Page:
Interaction of Stroke and Alzheimer’s disease in the APPswe/PS1dE9 Mouse Model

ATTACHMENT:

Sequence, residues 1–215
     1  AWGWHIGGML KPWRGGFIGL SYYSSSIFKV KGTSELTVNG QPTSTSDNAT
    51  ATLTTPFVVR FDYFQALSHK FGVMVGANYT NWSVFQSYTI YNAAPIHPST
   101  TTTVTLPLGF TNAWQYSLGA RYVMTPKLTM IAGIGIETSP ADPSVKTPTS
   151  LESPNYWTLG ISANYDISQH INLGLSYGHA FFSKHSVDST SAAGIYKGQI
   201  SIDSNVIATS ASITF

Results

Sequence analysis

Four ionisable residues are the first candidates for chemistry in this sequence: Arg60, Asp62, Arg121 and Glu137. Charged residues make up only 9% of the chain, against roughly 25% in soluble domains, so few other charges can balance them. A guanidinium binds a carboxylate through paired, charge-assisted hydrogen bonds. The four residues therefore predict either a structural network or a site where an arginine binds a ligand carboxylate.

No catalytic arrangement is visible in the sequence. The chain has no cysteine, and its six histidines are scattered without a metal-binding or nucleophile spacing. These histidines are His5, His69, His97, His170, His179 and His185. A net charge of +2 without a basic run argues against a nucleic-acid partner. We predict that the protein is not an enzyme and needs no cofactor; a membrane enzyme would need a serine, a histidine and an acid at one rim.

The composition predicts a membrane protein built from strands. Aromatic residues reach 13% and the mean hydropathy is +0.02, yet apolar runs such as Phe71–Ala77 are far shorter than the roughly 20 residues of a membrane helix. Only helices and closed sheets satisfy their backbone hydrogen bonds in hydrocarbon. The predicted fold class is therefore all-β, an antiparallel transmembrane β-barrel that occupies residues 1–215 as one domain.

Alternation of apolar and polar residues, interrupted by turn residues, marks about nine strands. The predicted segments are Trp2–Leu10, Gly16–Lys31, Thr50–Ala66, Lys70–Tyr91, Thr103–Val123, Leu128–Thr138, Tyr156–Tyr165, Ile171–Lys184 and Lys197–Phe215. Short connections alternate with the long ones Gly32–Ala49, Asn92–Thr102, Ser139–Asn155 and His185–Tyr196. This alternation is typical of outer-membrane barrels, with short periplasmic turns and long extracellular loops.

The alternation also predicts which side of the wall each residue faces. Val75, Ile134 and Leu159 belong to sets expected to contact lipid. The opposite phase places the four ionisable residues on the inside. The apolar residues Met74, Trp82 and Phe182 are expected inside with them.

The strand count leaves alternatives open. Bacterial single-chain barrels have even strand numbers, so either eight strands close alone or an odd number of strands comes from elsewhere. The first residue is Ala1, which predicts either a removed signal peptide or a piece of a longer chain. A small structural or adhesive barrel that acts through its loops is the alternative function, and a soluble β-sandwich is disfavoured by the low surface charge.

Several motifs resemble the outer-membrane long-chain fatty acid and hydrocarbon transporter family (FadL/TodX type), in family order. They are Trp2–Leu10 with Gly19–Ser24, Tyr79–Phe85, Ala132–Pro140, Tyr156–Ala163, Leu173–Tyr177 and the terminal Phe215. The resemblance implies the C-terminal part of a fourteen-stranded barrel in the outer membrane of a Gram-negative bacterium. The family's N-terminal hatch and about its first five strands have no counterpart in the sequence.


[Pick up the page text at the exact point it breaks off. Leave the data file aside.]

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While the most well-known pathology associated with Alzheimer’s disease (AD) is the accumulation of beta-amyloid protein, more and more studies indicate a strong interaction of vascular risk factors with AD, such as hypertension, atherosclerosis and stroke. With this study, we strived to clarify the link between AD and ischemic stroke in vivo, by means of a longitudinal study in transgenic AD mice in which ischemic stroke was induced. Systolic blood pressure (SBP) measurements have been performed, next to a variety of behavioral paradigms, such as the open field, rotarod and Morris water maze. Results one month after surgery suggest a larger motor impairment in the AD stroke mice compared to the other groups. At the age of 9-10 months, the AD mice showed a higher SBP, in combination with higher activity levels in the open field, in contrast to measurements performed in the wildtype mice. At 12 months of age however, this hyperactive behavior was only observed in the AD stroke mice. Moreover, throughout the study, a higher incidence of epileptic seizures was observed in these same AD stroke mice, together with higher mortality rates. It seems that the combination of AD and ischemic stroke leads to a higher sensibility to stressors than either pathology alone, resulting in pathological and behavioral alterations that vary during the different stages of the disease. The combination of AD and ischemic stroke thus deserves more attention, since more insight in the underlying mechanisms of this combination can contribute to the development of preventatives or treatments.
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